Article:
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Networks and Spatial Economics

, Volume 12, Issue 4, pp 561–587 | Cite as

Optimal Path Problems with Second-Order Stochastic Dominance Constraints

  • Yu (Marco) Nie
  • Xing Wu
  • Tito Homem-de-Mello
Article

Abstract

This paper studies optimal path problems integrated with the concept of second order stochastic dominance. These problems arise from applications where travelers are concerned with the trade off between the risks associated with random travel time and other travel costs. Risk-averse behavior is embedded by requiring the random travel times on the optimal paths to stochastically dominate that on a benchmark path in the second order. A general linear operating cost is introduced to combine link- and path-based costs. The latter, which is the focus of the paper, is employed to address schedule costs pertinent to late and early arrival. An equivalent integer program to the problem is constructed by transforming the stochastic dominance constraint into a finite number of linear constraints. The problem is solved using both off-the-shelf solvers and specialized algorithms based on dynamic programming (DP). Although neither approach ensures satisfactory performance for general large-scale problems, the numerical experiments indicate that the DP-based approach provides a computationally feasible option to solve medium-size instances (networks with several thousand links) when correlations among random link travel times can be ignored.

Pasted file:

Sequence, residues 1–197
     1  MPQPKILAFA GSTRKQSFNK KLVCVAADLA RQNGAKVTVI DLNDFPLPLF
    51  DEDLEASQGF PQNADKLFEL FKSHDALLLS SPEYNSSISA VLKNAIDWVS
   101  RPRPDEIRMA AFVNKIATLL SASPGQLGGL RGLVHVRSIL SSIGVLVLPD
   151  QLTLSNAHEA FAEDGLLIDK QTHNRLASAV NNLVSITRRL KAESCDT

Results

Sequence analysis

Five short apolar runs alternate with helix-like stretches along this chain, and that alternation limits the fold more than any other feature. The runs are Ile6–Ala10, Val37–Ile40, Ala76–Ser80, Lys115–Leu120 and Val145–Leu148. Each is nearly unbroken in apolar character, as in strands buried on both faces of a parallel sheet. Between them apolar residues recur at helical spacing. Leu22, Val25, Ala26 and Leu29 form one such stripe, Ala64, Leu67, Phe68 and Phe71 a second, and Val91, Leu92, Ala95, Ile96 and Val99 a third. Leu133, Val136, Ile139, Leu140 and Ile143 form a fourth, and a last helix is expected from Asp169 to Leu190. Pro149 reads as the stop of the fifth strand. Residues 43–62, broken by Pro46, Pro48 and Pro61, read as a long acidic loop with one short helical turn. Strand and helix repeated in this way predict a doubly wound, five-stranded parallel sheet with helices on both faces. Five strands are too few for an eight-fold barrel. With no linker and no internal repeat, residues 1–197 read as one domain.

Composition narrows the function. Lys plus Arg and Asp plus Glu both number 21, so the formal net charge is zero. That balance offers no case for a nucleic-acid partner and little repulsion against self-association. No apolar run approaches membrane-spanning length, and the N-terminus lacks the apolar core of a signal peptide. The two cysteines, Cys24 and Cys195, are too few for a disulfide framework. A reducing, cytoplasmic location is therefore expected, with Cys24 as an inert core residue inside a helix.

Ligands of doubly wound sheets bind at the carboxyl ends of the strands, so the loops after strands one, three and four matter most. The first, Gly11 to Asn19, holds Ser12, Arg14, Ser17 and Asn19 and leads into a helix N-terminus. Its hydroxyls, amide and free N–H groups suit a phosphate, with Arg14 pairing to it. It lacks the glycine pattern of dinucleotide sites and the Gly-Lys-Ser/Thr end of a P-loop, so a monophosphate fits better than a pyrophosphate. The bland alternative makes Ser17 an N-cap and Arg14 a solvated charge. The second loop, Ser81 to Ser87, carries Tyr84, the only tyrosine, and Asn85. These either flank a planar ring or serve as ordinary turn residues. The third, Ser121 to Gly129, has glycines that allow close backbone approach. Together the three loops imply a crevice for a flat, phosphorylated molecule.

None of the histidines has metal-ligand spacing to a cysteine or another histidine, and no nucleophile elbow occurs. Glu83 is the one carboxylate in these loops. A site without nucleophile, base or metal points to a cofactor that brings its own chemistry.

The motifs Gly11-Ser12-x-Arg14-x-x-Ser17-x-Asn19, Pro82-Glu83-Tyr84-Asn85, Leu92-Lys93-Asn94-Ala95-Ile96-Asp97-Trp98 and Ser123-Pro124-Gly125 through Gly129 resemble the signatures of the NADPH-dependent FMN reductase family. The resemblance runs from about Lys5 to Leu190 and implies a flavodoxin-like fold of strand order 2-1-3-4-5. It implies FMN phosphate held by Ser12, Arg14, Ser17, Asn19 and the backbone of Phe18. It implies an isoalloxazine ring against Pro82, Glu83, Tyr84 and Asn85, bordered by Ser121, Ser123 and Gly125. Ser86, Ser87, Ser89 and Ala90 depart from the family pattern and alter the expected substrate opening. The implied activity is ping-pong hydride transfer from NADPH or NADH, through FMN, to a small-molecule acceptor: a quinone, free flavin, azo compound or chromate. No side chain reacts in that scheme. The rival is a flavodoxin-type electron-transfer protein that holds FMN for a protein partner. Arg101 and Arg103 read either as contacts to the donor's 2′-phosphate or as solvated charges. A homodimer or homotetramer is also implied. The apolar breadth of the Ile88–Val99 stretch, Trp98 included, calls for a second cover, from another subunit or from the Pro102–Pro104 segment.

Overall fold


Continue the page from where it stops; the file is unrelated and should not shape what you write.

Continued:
Keywords

Optimal path problem Stochastic dominance Dynamic programming Integer programming 

Notes

Acknowledgements

Dr. Richard A. Waltz kindly provided a free copy of KNITRO to be used with AMPL. The authors would like to thank Dr. Pattharin Sarutipand from Northwestern University for her assistance with building AMPL models, and Leilei Zhang from University of Illinois at Chicago for her help with numerical experiments and for valuable discussions on the topic of Section 3.4. We also thank three anonymous referees for their constructive comments.

This research was partially supported by National Science Foundation (CMMI-0928577 and CMMI-1033051) and Northwestern’s Center for Commercialization and Innovative Transportation Technology.

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Copyright information

© Springer Science+Business Media, LLC 2011

Authors and Affiliations

  1. 1.Department of Civil and Environmental EngineeringNorthwestern UniversityEvanstonUSA
  2. 2.Department of Mechanical and Industrial EngineeringUniversity of Illinois at ChicagoChicagoUSA

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